By Kamryn Koble
Sophie Harris-Tyler is an accomplished photographer whose personal work brings indescribable human emotions to light. She grew up in London, and relied on her camera as a means of self expression and interacting with others – photography became her niche in the world. Continue reading Harris-Tyler's interview to learn more about her as a creative individual.
Tell us about discovering photography, and any other artistic mediums you have explored in the past.
I was studying fine art but realised quite quickly I was almost only using the camera as a medium to create work and was always drawn to the work of other photographers. I switched to the photography degree the following year. This was when I started to understand photography within the context of art.
What is your vision for your project M T W T F S S? What inspired you to create it?
I never set out to make this project, these were the pictures I began taking of my close friends and loves and the places I’ve been and stayed over the past 5 years. The work is a diary of sorts, it’s not chronological but it’s a record of the insignificant moments, which make up our daily lives, it’s pretty autobiographical and in essence it’s about relationships and intimacy.
I only decided to publish the work after being approached by a gallery for a solo show – I felt like after 5 years, this could be a suitable chapter. At the same time I started working with a graphic designer with intention of making a book. The project really came together quite organically.
Now working on Chapter 2, I don’t feel this project will ever really be complete – I think this takes the pressure off trying to achieve the perfect image.
Are there any particular places, people, musical artists, scents, or atmospheres that invigorate your creative process?
I find the people closest to me incredibly inspiring, and a lot of my work is created when I’m away spending intense amounts of times with friends. These private moments are really important and for me make up a big part of who I am. At the same time, I’m interested in the places I stay and the countries I visit. From one hotel room to the next a lot of my work will capture a specific time and place. And like most images become a memory. I recently came back from Poland and realised when I got my film developed that I barely had any shots of actual Poland, it was more bathrooms and hotel rooms and bed sheets!
What emotions do you wish to evoke in viewers when they examine your work?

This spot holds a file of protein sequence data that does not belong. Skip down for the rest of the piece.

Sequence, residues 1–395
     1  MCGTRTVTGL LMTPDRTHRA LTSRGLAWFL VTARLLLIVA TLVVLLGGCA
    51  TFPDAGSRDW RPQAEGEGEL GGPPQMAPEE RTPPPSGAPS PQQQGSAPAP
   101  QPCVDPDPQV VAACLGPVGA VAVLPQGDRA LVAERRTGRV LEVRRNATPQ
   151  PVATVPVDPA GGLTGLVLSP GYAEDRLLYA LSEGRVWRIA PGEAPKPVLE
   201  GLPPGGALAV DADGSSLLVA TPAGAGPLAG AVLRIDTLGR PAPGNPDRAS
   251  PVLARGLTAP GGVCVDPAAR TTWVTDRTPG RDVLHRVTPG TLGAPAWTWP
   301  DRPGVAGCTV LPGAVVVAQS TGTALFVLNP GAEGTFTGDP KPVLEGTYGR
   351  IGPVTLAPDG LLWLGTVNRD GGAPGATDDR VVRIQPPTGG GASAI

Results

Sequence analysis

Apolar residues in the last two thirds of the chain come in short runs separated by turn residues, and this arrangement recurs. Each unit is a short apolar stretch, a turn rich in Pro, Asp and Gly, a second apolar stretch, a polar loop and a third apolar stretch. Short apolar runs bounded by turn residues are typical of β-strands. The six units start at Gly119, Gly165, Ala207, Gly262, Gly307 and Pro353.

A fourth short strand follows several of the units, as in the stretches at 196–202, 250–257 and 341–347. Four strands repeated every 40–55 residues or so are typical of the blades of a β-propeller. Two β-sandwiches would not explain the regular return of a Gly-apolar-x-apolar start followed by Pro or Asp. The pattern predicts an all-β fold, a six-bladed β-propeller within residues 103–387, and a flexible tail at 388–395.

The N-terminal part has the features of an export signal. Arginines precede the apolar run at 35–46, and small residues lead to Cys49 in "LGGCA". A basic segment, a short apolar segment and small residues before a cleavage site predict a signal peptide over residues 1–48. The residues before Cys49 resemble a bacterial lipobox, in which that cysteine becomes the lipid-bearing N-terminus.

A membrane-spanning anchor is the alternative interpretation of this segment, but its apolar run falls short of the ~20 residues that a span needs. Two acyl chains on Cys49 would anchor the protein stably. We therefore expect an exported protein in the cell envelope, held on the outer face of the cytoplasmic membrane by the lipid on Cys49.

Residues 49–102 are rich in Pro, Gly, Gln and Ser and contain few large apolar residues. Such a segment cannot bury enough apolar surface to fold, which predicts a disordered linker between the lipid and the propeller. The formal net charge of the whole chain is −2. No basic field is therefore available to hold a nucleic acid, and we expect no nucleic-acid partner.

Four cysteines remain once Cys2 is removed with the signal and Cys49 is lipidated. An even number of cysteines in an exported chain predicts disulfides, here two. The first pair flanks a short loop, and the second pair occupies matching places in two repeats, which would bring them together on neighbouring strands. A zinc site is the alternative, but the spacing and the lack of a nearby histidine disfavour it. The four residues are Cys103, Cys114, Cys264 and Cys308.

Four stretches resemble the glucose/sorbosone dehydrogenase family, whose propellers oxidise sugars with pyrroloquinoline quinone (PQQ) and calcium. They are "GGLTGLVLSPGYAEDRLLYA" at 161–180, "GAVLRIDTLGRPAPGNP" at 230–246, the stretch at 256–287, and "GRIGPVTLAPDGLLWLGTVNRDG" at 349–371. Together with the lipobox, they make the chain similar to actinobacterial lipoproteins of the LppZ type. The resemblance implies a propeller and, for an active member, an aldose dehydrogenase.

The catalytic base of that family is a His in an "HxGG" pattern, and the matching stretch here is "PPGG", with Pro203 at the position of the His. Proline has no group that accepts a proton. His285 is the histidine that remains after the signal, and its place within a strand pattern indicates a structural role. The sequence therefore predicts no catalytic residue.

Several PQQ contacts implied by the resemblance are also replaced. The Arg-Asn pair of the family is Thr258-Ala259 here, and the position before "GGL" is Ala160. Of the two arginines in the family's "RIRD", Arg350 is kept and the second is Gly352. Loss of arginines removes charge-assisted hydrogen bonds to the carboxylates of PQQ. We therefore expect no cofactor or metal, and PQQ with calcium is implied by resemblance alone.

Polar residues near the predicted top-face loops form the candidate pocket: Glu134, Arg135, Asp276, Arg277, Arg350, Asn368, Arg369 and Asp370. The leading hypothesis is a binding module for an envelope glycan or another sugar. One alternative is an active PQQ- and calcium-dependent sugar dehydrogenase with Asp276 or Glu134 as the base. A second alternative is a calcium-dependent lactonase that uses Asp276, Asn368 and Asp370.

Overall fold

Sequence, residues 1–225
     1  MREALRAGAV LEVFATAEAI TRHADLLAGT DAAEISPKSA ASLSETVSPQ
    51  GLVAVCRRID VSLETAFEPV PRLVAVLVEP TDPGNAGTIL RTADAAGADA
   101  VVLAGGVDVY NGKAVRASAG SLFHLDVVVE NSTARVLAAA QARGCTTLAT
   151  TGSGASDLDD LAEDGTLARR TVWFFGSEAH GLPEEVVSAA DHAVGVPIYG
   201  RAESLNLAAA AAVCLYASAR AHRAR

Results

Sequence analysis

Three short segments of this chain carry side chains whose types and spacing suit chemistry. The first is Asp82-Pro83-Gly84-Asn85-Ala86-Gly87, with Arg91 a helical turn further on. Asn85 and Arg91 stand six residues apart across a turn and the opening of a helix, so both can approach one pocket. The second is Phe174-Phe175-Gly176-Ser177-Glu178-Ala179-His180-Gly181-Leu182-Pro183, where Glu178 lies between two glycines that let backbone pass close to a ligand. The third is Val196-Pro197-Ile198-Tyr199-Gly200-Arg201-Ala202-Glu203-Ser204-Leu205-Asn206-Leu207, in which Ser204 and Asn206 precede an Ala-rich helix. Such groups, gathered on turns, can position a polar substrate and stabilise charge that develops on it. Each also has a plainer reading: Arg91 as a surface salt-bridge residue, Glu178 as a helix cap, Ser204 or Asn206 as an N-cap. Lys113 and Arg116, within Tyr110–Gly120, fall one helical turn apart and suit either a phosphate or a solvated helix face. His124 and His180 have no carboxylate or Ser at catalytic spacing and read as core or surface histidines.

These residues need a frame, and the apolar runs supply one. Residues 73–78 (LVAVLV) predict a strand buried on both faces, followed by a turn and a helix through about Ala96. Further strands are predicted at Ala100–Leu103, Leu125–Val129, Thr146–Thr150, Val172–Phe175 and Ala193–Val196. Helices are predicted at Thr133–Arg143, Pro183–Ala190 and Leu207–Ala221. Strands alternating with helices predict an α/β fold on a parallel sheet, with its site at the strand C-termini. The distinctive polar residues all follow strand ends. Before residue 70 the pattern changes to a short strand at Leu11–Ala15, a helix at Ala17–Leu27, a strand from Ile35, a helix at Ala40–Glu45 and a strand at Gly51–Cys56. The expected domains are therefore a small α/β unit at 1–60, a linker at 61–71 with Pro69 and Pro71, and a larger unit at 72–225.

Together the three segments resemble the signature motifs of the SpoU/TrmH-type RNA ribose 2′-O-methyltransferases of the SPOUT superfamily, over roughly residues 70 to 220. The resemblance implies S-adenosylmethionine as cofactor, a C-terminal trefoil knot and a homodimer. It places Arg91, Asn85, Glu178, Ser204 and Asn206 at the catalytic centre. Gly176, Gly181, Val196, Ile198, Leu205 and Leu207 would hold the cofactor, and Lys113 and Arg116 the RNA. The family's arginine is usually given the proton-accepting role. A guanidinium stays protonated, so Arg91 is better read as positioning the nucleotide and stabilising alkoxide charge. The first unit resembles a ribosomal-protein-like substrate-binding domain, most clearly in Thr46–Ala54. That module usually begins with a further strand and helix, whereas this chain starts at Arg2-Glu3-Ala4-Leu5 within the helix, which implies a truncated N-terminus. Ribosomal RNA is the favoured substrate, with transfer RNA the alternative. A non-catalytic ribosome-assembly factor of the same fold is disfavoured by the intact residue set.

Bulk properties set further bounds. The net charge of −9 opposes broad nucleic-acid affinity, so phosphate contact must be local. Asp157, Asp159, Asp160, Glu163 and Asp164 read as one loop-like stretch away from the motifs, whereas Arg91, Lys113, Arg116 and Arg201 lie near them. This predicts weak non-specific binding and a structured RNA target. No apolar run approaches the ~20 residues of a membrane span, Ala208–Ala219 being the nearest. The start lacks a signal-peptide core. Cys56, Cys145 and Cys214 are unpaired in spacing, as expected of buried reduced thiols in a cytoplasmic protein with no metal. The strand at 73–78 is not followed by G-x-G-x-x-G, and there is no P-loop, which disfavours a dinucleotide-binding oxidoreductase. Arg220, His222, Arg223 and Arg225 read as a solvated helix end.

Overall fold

For me, I’m particularly interested in capturing aspects of people which I can relate to, showing the strength in vulnerability is something that occurs throughout my work. Inherently I think this brings out qualities of intimacy and empathy. Also my work is about the relationships we have within ourselves and the relationships we have with others.
Tell us about your film project with Keaton Henson. What was your original vision and how did it develop?
With the Earnestly Yours Video, I worked with my partner creating the film, Keaton really gave us free reins with the track and it was again something that came about quite organically, we started listening to the track on repeat and we started filming without really having a solid idea or plan where we were going to go with it. This was the first thing we directed together and we didn’t have a team, we’ve done quite a few since then and have definitely learnt a lot along the way. I think the music itself is pretty powerful and we wanted something simplistic and emotive to go with it but still with some kind of abstract narrative.
How has your style and work evolved as you grow as both an individual and an artist?
I think, as I’ve grown older, through life experience I’ve become less interested in capturing my life and more interested in capturing other people’s. I think also growing into myself the work now comments on its subjects more than just showing.
If you could give your younger self one piece of advice or wisdom, what would it be?
The Helsinki Bus theory is pretty good. And also to not try to please people with your work, make it for yourself, not everyone’s going to like it. I think as well it would have been good to know that I will almost probably never be completely satisfied with my work – and that’s no bad thing.